oppose plans to end prescribing of Alzheimer drugs
by staff reporter
are opposing plans to end the prescribing of some drugs to treat
rivastigmine, galantamine, and memantine should no longer be prescribed
on the NHS to treat Alzheimer's, says new draft guidance from the
National Institute for Clinical Excellence (NICE).
the NHS prescribing watchdog for England and Wales, has retracted
previous guidance issued in 2001 and which said that these drugs
should be prescribed for Alzheimer's disease - after reviewing latest
evidence on efficacy and cost effectiveness.
The Royal College of Psychiatrists says it "strongly disagrees'
with NICE's decision that the drugs are not cost-effective.
Susan Benbow, chair of the royal college's old age psychiatry faculty
these drugs do not provide a cure, or affect the underlying disease
process, they can bring substantial benefit to many patients.
average, drugs for Alzheimer's disease delay the decline associated
with the illness by six-nine months.
is a degree of benefit which clinicians, patients and carers value.
prescription of these drugs has been strongly supported by consumer
groups such as the Alzheimer's Society. In our opinion, this degree
of improvement in a devastating and progressive illness for which
no other treatments are available is well worth the modest costs
of the drugs."
on the proposals, released last week, are being accepted until 21
March, and final guidance is expected to come into force in July
NICE assessment group says that, although donepezil, rivastigmine,
and galantamine (collectively known as anticholinesterase inhibitors)
have proved gains in cognitive and global scales compared with placebo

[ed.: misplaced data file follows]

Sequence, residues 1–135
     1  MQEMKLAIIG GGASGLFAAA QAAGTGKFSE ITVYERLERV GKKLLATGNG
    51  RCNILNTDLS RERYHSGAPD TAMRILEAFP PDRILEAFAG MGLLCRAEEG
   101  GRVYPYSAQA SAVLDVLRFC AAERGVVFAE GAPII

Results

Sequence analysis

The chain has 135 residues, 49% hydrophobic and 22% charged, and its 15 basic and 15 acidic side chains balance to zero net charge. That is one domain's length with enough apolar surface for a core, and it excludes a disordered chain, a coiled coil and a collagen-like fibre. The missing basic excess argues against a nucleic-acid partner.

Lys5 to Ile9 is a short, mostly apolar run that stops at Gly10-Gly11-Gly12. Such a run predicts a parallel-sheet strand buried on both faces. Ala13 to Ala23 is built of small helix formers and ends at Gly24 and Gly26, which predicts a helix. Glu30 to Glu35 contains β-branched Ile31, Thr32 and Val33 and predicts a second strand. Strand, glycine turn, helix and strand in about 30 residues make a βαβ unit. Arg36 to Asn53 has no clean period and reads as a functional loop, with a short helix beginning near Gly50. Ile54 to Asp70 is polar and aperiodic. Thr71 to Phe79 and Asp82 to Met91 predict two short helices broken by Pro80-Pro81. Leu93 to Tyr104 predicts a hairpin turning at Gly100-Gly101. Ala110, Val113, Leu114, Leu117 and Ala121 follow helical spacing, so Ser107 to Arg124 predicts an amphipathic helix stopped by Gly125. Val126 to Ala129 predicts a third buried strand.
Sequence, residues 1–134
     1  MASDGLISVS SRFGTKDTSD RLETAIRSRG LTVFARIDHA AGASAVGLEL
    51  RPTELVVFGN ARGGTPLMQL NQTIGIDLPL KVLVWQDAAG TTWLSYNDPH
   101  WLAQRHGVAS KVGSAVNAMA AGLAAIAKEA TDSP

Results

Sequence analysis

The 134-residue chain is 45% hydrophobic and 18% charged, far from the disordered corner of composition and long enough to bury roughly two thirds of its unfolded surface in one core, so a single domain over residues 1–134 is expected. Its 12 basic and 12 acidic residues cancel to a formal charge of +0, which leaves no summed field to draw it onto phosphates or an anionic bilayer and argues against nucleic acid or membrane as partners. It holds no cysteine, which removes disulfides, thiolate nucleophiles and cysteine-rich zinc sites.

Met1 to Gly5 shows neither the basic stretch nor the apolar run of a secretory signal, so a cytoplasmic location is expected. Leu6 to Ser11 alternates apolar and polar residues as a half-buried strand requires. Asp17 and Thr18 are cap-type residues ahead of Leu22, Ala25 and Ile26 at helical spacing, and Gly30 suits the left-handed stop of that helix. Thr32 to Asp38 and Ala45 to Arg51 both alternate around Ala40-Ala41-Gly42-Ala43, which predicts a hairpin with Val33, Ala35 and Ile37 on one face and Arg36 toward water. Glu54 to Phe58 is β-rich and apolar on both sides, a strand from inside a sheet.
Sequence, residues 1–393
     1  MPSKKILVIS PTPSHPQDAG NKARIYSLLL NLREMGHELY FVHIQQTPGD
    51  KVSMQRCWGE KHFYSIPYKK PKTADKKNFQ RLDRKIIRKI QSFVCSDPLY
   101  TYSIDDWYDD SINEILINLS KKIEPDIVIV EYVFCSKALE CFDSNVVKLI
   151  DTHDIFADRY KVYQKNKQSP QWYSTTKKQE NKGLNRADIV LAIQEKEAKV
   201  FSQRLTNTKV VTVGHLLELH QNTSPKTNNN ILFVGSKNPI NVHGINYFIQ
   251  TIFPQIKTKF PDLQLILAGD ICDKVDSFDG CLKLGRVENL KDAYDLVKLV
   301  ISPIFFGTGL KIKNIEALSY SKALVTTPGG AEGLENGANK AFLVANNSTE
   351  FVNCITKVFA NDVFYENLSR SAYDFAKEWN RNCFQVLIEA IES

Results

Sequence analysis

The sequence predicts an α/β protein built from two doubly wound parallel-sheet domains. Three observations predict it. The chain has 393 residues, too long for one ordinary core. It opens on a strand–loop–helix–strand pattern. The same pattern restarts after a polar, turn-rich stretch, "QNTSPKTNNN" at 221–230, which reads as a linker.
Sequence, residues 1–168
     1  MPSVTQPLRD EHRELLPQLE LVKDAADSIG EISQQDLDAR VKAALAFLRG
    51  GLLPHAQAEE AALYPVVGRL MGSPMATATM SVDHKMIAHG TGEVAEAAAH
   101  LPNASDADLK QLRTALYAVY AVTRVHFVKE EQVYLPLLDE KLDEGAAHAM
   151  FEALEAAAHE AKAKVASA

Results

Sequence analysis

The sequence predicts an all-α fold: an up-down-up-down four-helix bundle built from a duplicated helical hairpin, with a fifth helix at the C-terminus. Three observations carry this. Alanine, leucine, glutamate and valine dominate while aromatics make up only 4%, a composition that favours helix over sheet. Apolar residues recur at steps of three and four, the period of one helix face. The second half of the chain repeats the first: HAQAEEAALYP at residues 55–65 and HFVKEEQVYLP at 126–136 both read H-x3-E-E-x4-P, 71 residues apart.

in people with mild to moderate Alzheimer's disease, there is "limited
and largely inconclusive" evidence on outcomes that are important
to patients and carers, such as quality of life and time to admission
to a nursing home.
considered a range of published and unpublished trials, as well
as submissions from drug manufacturers and professional and support
organisations, when developing its draft guidelines.
it said that many of the randomised controlled trials it reviewed
were of "mixed" quality.
group also suspected "selection bias, measurement bias and
attrition bias in a number of the reviewed studies."
own cost effectiveness calculations put the group of drugs beyond
the means of the NHS, it said.
it adjusted costs to take account of the benefits attributed to
these drugs NICE estimated that donepezil, rivastigmine, and galantamine
had a "cost per quality adjusted life year gained" of
£48 000, £32 000, and £38 000 respectively; the
corresponding cost for memantine was between £37 000 and £53
its proposed recommendations are adopted the NHS would make a saving
of £15m in the first year, £45m in the second, and more
than £60m in the third.
Prof Benbow said the economic models used to justify the withdrawal
of the drugs were flawed.
rely on using QALY's, (quality adjusted life years), which make
a variety of unknown and untested assumptions about how quality
of life relates to dementia severity," she said.
Within the fortnight NICE has also issued for a second consultation
its clinical guidelines for depression in children, and has issued
its guidelines for obsessive compulsive disorder for a first consultation.
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